One of my favorite easily-observed creatures in British Columbia is the Douglas squirrel, sometimes called the chickaree.
Much smaller than New York City’s hefty Eastern gray squirrels, the Douglas is a tree squirrel found from California to the southern British Columbia coast.
Like most squirrels, it uses its front paws quite charmingly to hold nuts and other food. There’s just something about its small size, big eyes, and overall demeanor that give it the look of a storybook character.
Douglas squirrels eat primarily the seeds of the coniferous trees that abound in this area: Douglas firs, of course, but also Sitka spruce and pines. Like the Eastern gray and many other squirrels, they are scatter hoarders, burying seeds or entire pine cones in various spots. But unlike the Eastern gray, Douglas squirrels have no cheek pouches for holding food.
They have high-pitched voices that pierce the forest, and sound remarkably like a bird. On several occasions, I scanned tree limbs, trying to determine what bird was so persistently peeping, only to discover that I was being yelled at by a squirrel.
Below is a fascinating two-minute sound clip from NPR’s “Bird Notes” on the Douglas squirrel. Just click the arrow to play:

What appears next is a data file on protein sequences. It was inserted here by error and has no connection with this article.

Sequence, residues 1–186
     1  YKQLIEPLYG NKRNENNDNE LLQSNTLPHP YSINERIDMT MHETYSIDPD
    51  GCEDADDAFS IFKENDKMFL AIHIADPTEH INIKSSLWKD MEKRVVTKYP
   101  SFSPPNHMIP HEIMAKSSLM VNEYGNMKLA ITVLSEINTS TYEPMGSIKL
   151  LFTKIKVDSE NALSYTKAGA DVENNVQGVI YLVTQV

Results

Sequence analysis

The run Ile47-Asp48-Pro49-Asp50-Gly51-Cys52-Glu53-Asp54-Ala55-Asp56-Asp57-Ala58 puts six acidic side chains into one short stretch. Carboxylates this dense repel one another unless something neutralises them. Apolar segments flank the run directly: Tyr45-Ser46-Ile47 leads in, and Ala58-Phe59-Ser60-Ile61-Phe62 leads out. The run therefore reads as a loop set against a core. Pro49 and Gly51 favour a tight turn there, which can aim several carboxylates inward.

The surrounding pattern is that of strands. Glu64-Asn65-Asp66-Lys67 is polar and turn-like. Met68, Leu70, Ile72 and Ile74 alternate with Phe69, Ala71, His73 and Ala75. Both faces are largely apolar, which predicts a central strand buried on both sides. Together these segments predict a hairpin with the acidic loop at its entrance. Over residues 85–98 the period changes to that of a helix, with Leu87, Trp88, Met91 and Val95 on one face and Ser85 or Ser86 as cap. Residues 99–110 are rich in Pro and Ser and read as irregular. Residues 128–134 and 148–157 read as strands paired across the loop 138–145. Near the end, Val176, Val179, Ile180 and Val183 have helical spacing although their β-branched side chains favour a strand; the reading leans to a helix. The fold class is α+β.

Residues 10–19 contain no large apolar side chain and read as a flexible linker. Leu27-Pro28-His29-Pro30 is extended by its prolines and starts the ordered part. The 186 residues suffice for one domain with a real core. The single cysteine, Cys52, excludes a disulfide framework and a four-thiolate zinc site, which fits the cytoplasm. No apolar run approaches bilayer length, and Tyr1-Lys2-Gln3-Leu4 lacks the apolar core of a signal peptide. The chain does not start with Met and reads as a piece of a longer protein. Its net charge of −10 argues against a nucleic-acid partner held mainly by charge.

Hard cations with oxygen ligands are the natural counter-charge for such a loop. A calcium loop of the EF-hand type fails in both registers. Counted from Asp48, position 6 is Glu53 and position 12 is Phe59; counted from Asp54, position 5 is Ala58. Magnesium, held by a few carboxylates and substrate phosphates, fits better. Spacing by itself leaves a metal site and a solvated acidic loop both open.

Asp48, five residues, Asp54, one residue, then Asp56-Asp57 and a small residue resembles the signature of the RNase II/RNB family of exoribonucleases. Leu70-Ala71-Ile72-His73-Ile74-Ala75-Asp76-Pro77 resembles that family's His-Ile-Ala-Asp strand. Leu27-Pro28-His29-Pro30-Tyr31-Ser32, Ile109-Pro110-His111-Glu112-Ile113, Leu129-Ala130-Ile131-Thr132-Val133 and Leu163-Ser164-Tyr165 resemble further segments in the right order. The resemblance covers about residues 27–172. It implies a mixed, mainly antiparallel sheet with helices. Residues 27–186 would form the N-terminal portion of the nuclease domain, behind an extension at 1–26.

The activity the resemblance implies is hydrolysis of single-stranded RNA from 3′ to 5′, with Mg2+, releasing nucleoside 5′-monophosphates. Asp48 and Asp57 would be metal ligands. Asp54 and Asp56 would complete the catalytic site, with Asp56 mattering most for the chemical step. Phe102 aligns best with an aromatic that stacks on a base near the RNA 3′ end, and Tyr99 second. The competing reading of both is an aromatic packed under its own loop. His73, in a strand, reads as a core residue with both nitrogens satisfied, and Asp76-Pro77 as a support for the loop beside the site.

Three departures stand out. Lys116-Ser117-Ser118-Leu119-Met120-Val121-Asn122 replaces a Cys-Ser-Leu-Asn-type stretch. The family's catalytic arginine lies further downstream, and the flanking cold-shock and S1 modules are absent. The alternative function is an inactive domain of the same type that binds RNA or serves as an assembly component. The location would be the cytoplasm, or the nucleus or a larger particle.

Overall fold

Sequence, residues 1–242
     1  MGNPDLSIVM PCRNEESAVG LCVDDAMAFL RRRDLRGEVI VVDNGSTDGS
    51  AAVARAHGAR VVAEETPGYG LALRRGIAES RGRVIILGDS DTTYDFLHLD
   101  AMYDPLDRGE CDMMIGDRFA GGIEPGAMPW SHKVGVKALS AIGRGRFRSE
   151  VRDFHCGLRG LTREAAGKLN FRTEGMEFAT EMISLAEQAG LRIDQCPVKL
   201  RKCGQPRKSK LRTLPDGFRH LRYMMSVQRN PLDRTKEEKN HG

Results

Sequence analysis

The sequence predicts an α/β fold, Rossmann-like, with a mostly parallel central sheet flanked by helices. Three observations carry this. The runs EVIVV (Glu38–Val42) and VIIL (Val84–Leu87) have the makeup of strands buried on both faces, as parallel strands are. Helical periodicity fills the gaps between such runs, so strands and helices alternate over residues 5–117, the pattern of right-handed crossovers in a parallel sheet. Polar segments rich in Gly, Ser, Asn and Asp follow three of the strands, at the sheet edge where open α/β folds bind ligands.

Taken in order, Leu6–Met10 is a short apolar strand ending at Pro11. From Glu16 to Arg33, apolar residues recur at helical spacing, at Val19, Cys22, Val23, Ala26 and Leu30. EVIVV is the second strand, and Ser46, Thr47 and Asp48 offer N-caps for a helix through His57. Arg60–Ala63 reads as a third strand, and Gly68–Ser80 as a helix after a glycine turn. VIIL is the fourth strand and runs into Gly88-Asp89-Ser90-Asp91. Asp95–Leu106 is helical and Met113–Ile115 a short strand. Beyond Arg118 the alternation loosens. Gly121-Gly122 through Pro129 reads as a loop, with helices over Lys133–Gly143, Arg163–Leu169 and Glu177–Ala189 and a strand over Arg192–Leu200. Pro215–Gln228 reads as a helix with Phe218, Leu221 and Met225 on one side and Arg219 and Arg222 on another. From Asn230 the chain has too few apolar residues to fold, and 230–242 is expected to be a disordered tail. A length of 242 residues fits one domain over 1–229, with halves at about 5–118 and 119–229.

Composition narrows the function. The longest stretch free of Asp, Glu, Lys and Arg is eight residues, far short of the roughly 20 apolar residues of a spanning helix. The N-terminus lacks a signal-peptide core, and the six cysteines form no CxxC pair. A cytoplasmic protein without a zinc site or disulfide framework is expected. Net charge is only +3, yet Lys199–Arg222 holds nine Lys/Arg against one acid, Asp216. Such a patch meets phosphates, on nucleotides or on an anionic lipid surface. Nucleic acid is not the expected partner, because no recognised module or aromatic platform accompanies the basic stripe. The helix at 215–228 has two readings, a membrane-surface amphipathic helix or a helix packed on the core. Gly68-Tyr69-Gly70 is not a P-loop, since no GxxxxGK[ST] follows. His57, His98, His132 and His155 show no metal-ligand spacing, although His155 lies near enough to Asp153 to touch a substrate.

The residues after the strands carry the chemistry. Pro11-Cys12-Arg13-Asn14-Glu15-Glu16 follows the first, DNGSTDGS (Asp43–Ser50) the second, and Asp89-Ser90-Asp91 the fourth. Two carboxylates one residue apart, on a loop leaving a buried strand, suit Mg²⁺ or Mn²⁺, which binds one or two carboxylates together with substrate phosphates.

The little fellow In these photographs hung out near the pedestrian bridge that connects the harbor to Garden Bay Road. Below you may be able to make out the squirrel perched on the fence rail to the right of the tree.
It was often seen in the company of a golden-crowned sparrow.
The two seemed to be masters of their own bathing and drinking pool.
We humans, however, need more sustenance than pine cones and water, or even wildlife sightings. Tearing myself away from the little animals, I crossed the bridge.
Soon I was happily drinking coffee and eating breakfast at Laverne’s Grill.
Back outside, bald eagles soared overhead (more on them soon).
And the little squirrel went about its squirrely business.